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Modern IDEs provide developers with a rich toolset. They are able to detect many compilation and runtime errors before a developer even presses "Build". However, while these tools are effective at ensuring that your code works, they do little to ensure that your code is well-written. Even the most well-functioning code can turn into an unreadable, unmaintainable mess if a clean and consistent style is not used throughout the codebase.

For a single developer, simply choosing a set of rules and sticking to it may be enough. For larger teams, however, it can be difficult to ensure that all developers are working with the same set of style guidelines.

In this article, we'll discuss what linting is and provide an example illustrating why it is used.

What is Linting?

Linting is the term for using a set of tools to check the style and formatting of code automatically, thus allowing code styles to be easily and consistently enforced across a team.

A Simple Example: PEP 8 and Pylint

The Python programming language provides us with an optimal example of why code linting is necessary. Python is an interpreted language, as opposed to a compiled language like C++, so most error checking cannot happen before applications are run. For Python developers, linting is one of the few tools available to increase the reliability of code and reduce the amount of time needed for maintenance.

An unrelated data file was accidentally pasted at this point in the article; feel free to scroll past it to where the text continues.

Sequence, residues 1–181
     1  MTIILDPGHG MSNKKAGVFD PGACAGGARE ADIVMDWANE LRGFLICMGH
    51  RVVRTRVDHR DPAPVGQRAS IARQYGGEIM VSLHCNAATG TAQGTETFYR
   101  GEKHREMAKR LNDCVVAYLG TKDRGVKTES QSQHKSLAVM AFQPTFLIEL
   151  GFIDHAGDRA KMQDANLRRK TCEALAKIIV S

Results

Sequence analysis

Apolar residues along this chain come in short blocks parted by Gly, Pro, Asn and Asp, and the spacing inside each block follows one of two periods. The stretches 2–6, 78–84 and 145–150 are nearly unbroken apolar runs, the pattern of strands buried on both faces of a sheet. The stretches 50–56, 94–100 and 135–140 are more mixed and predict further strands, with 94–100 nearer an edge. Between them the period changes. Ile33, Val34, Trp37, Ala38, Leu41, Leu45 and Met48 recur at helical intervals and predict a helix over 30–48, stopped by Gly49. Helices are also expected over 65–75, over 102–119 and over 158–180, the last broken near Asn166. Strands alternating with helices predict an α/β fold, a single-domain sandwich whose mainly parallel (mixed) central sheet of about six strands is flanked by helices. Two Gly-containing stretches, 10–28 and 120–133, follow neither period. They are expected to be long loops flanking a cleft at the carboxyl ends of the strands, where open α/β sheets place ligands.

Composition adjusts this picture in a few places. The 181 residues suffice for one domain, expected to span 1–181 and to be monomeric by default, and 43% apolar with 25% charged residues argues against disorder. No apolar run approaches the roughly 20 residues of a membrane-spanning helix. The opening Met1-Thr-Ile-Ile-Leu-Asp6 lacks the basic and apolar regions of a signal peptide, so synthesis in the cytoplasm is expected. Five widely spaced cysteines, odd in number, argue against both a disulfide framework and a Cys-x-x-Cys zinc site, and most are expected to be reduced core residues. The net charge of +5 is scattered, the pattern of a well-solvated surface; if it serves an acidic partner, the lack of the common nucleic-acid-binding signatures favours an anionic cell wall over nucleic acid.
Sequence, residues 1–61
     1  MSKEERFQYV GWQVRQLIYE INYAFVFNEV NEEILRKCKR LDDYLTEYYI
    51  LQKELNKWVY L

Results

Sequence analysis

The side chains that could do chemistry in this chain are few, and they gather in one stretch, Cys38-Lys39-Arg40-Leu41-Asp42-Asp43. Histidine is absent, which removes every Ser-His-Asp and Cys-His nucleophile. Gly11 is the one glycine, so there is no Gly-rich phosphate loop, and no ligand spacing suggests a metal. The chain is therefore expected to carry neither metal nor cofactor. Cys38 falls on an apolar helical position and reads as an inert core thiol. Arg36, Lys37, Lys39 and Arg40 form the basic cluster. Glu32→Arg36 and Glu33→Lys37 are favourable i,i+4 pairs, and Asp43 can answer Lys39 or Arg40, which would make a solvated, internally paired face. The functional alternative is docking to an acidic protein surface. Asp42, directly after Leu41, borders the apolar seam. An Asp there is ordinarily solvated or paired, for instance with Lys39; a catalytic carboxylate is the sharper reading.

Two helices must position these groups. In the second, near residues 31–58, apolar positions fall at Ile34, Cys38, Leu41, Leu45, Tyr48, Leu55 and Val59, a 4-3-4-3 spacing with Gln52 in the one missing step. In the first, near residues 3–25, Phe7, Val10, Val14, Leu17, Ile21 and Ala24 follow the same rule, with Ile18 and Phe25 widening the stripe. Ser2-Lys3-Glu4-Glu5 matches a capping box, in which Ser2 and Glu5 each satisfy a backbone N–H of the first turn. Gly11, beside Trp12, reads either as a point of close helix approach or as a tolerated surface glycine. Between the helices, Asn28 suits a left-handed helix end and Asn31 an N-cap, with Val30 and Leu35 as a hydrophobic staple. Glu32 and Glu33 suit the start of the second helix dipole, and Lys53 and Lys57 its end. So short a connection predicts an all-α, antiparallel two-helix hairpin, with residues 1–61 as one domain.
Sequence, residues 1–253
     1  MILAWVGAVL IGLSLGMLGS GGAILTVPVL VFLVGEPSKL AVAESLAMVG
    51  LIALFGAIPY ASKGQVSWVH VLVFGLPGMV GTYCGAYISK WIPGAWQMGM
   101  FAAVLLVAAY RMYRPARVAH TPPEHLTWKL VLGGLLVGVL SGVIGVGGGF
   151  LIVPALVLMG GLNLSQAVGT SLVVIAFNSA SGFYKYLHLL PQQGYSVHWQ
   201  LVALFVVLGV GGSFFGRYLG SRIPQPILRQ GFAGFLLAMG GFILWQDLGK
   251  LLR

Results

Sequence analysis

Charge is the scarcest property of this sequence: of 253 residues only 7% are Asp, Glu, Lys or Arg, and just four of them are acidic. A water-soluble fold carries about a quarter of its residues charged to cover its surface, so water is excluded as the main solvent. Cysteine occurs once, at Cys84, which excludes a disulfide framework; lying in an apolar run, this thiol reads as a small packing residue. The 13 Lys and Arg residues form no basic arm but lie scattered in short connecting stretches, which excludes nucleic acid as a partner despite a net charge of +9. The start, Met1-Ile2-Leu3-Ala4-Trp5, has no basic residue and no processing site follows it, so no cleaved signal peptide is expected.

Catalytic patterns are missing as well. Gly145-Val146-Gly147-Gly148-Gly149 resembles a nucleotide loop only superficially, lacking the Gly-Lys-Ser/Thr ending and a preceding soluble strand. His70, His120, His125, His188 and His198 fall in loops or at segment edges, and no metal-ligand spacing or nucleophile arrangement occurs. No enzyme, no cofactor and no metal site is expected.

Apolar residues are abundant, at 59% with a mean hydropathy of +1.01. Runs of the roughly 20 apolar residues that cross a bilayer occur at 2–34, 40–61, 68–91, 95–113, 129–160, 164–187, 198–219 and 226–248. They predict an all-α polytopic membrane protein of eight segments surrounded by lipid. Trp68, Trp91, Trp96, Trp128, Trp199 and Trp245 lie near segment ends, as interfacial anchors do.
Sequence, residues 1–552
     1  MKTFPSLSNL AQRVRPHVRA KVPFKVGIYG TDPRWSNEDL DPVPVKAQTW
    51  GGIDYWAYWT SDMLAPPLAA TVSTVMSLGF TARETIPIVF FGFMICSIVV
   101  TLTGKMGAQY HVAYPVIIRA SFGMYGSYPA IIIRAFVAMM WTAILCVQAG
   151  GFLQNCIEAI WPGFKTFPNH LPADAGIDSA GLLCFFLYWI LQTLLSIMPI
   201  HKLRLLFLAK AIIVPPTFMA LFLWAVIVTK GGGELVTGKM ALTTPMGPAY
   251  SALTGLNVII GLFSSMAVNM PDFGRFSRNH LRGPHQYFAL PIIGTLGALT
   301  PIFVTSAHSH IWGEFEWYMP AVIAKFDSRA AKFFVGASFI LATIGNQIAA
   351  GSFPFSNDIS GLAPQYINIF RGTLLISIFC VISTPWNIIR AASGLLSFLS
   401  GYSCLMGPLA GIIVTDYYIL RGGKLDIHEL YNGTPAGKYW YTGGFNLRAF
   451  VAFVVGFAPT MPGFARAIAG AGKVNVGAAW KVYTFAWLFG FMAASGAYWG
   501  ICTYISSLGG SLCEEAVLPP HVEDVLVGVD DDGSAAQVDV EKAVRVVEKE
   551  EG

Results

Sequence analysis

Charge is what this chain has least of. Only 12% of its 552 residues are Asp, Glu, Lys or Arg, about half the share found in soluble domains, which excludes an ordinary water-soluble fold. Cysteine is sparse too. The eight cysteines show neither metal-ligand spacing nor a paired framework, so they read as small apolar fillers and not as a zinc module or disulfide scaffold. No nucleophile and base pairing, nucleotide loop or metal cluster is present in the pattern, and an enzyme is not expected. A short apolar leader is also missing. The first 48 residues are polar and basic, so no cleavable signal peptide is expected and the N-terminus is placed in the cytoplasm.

PEP 8, one of the oldest submissions to the Python Enhancement Program, provides developers with a comprehensive set of style recommendations. Some of its recommendations include using spaces instead of tabs for indentation, writing most variable names in snake-case (e.g. test_var instead of testVar), and limiting line lengths to 79 characters where possible.

While any style guide is valid if consistently followed, PEP 8 has seen the most widespread use among the Python community. Due to its popularity, a plethora of linting tools for it have been created. One of the most popular such tools is Pylint, a module that fully checks all Python files for PEP 8 compliance. This module integrates with many IDEs, such as Visual Studio Code, but it can also be run as a standalone application for use in CI/CD pipelines or other automated workflows.

Tools like Pylint make it simple to enforce consistent styling across Python codebases of any size. This ensures that all of the code in a project looks the same and runs the same, eliminating confusion during code reviews and research.


Linting tools are used to check for style and formatting inconsistencies in your code. They make it easy to enforce a clean, consistent style policy across a large codebase, which can be invaluable in large teams. While all projects can benefit from linting, it is especially useful with interpreted languages like Python and Typescript that cannot otherwise be statically analyzed for errors.

If you're interested in learning more about coding basics, we wrote the Coding Essentials Guidebook for Developers, which covers core coding concepts and tools. It contains chapters on computer architecture, the Internet, Command-Line, HTML, CSS, JavaScript, Python, Java, SQL, Git, and more.

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Final Notes